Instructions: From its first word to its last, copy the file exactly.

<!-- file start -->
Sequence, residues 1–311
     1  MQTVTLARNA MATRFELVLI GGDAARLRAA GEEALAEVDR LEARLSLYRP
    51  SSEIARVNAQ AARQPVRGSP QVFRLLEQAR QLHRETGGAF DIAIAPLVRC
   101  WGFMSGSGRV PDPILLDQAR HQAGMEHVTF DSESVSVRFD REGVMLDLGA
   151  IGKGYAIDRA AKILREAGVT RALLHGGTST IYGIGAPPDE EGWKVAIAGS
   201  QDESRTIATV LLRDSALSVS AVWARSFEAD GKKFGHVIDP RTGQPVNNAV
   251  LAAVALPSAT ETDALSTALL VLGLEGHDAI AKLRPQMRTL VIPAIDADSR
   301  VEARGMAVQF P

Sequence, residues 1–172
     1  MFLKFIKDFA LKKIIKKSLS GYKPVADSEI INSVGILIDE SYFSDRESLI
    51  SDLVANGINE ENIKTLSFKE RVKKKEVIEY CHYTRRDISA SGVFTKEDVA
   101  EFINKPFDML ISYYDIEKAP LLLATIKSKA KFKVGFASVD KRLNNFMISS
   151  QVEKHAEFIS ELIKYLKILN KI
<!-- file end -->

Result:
Sequence, residues 1–311
     1  MQTVTLARNA MATRFELVLI GGDAARLRAA GEEALAEVDR LEARLSLYRP
    51  SSEIARVNAQ AARQPVRGSP QVFRLLEQAR QLHRETGGAF DIAIAPLVRC
   101  WGFMSGSGRV PDPILLDQAR HQAGMEHVTF DSESVSVRFD REGVMLDLGA
   151  IGKGYAIDRA AKILREAGVT RALLHGGTST IYGIGAPPDE EGWKVAIAGS
   201  QDESRTIATV LLRDSALSVS AVWARSFEAD GKKFGHVIDP RTGQPVNNAV
   251  LAAVALPSAT ETDALSTALL VLGLEGHDAI AKLRPQMRTL VIPAIDADSR
   301  VEARGMAVQF P

Sequence, residues 1–172
     1  MFLKFIKDFA LKKIIKKSLS GYKPVADSEI INSVGILIDE SYFSDRESLI
    51  SDLVANGINE ENIKTLSFKE RVKKKEVIEY CHYTRRDISA SGVFTKEDVA
   101  EFINKPFDML ISYYDIEKAP LLLATIKSKA KFKVGFASVD KRLNNFMISS
   151  QVEKHAEFIS ELIKYLKILN KI